In Cato's time, he believed that even slaves should have a weekly ration of over a gallon (5 liters) of wine a week. However his reasons was more for the dietary health of the slaves and maintenance of their strength rather their personal enjoyment. Should a slave become sick and unavailable to work, Cato advises cutting his rations in half to conserve wine for the workforce. It was this view that led to widespread planting in order to serve the need of all classes. Part of this was due to the changing Roman diet. In the 2nd century BC, Romans started moving away from a diet that consisted of the moist porridge and gruel to more bread-based meals. Wine became a necessity to help in eating the drier bread.
Ancient Rome played a pivotal role in the history of wine. The earliest influences of viticulture on the Italian peninsula can be traced to Ancient Greeks and Etruscans. The rise of the Roman Empire saw an increase in technology and awareness of winemaking which spread to all parts of the empire. The influence of the Romans has had a profound effect of the histories of today's major winemaking regions of France, Germany, Italy, Portugal and Spain. In the hands of the Romans, wine became "democratic" and available to all, from the lowly slave to the simple peasant to the aristocrat.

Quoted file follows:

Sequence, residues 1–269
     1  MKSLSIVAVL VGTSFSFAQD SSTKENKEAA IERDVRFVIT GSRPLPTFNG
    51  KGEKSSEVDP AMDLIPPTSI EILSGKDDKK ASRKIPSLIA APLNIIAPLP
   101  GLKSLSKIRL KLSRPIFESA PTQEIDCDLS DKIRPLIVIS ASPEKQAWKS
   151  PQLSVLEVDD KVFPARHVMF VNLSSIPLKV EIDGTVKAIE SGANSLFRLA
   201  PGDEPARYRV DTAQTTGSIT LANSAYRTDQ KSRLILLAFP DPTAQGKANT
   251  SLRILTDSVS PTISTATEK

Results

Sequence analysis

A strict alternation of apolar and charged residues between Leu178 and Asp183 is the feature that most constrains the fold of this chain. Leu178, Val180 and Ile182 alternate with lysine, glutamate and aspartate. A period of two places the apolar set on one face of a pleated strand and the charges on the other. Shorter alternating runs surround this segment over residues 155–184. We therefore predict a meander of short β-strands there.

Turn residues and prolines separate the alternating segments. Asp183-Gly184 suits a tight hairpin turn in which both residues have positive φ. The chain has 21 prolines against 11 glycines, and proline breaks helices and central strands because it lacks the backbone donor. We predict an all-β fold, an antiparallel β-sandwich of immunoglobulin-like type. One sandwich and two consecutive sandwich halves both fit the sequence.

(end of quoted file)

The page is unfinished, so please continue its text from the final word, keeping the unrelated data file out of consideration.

The Romans' belief that wine was a daily necessity of life promoted its widespread availability among all classes. This led to the desire to spread viticulture and wine production to every part of the Roman empire, to ensure steady supplies for Roman soldiers and colonists. Economics also came into play, as Roman merchants saw opportunities for trade with native tribes such as those from Gaul and Germania, bringing Roman influences to these regions before the arrival of the Roman military. The works of Roman writers - most notably Cato, Columella, Horace, Palladius, Pliny, Varro and Virgil - give insights on the role of wine in Roman culture and contemporary understanding of winemaking and viticultural practices. Many of the techniques and principles first developed in Roman times can be found in modern winemaking.